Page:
After she loses her family to war, Ishma—desolation—is a child grieving and frightened when she is taken in by the prophet Isaiah and his wife. She grows up in their home but fear still lurks when she sets eyes on a soldier. Since Isaiah is out of favor with the king, he has been tasked with teaching the young noblemen, and Ishma is introduced to young Prince Hezekiah when he is traumatized from his brother’s ritual sacrifice.

Ishma and Hezi are close friends as they grow up, but his father’s evil reign separates them for years, despite their love for each other. Until Isaiah adopts Ishma and gives her a new name, Zibah, delight of the Lord, which also makes her one of the nobility—and eligible to marry the prince. But Zibah must overcome her fears and learn to trust in the Lord if she is ever to end up where she truly wishes to be.

I’ve only read two of Mesu Andrews’ books—so far—but I love how she brings stories from the Bible to vibrant, breathing life! As Ishma grows from a frightened, traumatized child to a loving and faithful adult, the reader is drawn along on her journey—and learns truth along with her. I cannot recommend Mesu Andrews and her novels enough!

Mesu Andrews has been writing since her chronic illness over 20 years ago. Isaiah’s Daughter is the first in the Prophets and Kings series.

(Galley courtesy of WaterBrook via Netgalley in exchange for an honest review.)

Book Review: Color Me In, by Natasha Diaz

color me in
Image belongs to Delacorte Press.

Title:   Color Me In
Author:   Natasha Diaz
Genre:   YA
Rating:   4.5 out of 5

Sixteen-year-old Nevaeh Levitz never really thought much about her roots or her racial identity, but when her black mother and Jewish father split up and she and her mom move in with her mother’s family in Harlem, she comes face-to-face with it. Nevaeh loves this family and wants to be a part of them, but one of her cousins hates that she passes for white and doesn’t understand the injustices their family has to face.

When she spends time with her dad—and his new girlfriend—her dad pushes for her to embrace her Jewish side—the side he never gave much attention to himself, guaranteeing her life at her posh private school becomes even tougher. She doesn’t know which side of her heritage is really her.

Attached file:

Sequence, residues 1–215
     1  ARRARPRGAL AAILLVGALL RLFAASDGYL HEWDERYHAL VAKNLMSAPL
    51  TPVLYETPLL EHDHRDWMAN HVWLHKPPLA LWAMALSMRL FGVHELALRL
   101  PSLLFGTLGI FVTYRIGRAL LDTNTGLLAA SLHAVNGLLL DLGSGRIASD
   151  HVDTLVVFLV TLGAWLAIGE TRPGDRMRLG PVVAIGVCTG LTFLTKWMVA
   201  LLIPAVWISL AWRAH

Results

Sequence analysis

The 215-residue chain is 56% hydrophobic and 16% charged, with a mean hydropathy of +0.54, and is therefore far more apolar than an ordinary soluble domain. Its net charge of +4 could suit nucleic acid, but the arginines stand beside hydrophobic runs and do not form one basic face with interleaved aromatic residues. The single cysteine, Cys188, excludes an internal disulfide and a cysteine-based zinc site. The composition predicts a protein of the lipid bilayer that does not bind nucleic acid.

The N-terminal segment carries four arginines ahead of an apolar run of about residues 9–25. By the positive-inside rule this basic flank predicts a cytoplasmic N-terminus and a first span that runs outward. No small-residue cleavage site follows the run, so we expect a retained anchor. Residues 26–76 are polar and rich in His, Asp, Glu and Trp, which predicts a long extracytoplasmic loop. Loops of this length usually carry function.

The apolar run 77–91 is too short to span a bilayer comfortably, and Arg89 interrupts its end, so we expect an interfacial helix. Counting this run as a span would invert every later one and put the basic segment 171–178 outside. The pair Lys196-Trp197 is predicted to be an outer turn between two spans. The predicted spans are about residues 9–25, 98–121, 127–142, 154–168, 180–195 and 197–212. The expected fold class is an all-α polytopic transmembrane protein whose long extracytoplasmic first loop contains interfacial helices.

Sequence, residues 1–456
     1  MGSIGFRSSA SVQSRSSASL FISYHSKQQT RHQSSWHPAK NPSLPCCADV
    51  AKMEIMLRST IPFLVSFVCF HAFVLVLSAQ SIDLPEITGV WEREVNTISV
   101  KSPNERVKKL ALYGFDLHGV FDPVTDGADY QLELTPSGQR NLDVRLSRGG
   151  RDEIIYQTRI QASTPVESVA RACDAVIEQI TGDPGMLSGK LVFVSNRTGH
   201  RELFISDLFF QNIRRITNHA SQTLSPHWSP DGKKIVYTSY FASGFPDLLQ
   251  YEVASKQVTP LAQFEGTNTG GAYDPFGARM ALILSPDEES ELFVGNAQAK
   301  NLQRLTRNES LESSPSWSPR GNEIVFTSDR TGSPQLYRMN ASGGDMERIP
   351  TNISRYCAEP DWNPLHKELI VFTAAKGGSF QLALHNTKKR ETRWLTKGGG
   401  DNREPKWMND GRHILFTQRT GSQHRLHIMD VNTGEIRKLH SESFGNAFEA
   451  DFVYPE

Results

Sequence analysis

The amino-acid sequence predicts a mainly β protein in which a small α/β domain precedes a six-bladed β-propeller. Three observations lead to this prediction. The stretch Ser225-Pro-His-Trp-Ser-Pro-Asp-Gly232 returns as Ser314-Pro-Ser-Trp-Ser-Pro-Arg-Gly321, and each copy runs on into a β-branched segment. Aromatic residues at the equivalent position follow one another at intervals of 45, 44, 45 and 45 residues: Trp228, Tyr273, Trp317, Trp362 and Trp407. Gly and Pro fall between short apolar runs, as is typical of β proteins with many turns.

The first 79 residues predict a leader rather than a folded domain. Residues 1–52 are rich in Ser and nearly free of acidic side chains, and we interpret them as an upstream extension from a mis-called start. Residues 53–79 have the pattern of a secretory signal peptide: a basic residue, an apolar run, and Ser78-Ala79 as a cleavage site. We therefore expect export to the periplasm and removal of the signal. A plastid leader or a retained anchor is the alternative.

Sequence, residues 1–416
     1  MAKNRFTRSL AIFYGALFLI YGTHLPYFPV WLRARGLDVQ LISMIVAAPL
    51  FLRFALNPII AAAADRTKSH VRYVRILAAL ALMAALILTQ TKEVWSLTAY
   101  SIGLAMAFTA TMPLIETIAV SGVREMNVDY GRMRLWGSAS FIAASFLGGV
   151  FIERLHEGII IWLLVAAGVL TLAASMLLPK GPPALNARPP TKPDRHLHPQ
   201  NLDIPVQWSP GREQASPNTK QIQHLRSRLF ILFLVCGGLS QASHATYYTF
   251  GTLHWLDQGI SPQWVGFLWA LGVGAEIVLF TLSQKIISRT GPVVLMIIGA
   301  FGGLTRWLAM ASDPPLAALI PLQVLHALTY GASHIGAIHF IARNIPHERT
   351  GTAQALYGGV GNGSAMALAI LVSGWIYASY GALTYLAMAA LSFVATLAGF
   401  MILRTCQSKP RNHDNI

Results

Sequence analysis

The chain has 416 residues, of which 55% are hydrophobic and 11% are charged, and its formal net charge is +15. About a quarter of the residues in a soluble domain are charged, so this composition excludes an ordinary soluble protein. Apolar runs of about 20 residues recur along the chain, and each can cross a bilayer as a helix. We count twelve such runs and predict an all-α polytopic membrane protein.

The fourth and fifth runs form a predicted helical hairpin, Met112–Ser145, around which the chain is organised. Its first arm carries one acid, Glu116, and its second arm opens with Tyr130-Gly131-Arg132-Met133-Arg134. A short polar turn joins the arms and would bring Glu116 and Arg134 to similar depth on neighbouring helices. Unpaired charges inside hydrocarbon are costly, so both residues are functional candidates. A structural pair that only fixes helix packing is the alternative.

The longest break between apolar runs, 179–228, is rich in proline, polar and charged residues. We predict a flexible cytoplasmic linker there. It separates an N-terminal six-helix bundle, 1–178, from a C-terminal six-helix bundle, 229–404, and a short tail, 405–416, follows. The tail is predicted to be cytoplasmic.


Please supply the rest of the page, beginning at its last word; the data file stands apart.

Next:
Then Nevaeh falls in love and starts to realize she has a voice, a voice she can use to speak out against the hate and oppression she encounters every day, as she embraces her newfound identity and all the joy—and sorrow—it brings with it.

The journey of self-discovery and realization Nevaeh experiences is riveting and the opposition and prejudice she experiences is infuriating. Her entire world has been turned upside down, and she just wants to find where she belongs, but everyone opposes her, making her more confused than ever. The power and strength she uncovers when she embraces her true identity is inspiring and uplifting. This is a fantastic read!

Natasha Diaz was born in New York and lives there still. Color Me In is her debut novel.

(Galley courtesy of Delacorte Press via Netgalley in exchange for an honest review.)

Sundays are for Writing #33

This was my first full week without school or work obligations on Tuesday and Thursday, and it was an excellent writing week!

I got in writing sessions on three days, for a total of six pages, plus some planning on the King Arthur project, and a bit of work on the Holly Lisle HTWAN class. And…I’ve decided to do NaNoWriMo this year for the first time in…years! I’m actually super excited about this, and the Muse is already hinting at ideas. I want to finish the first draft of the King Arthur story before November, though. So it would probably be a good idea to plot that out…

Also wrote three book reviews and I’m trying to write a narrative nonfiction essay just because.

 

Book Review: Never Have I Ever, by Joshilyn Jackson

never have i ever
Image belongs to HarperCollins/William Morrow.

Title:   Never Have I Ever
Author:  Joshilyn Jackson
Genre:   Domestic suspense
Rating:   4.5 out of 5

Amy Whey is happy with her life:  professor husband, fifteen-year-old stepdaughter, baby son, best friend Charlotte. Sure, she doesn’t get to dive as much as she used to since the baby was born, but she wouldn’t trade her family for anything. She’s helping Charlotte with the neighborhood book club when new neighbor Roux shows up.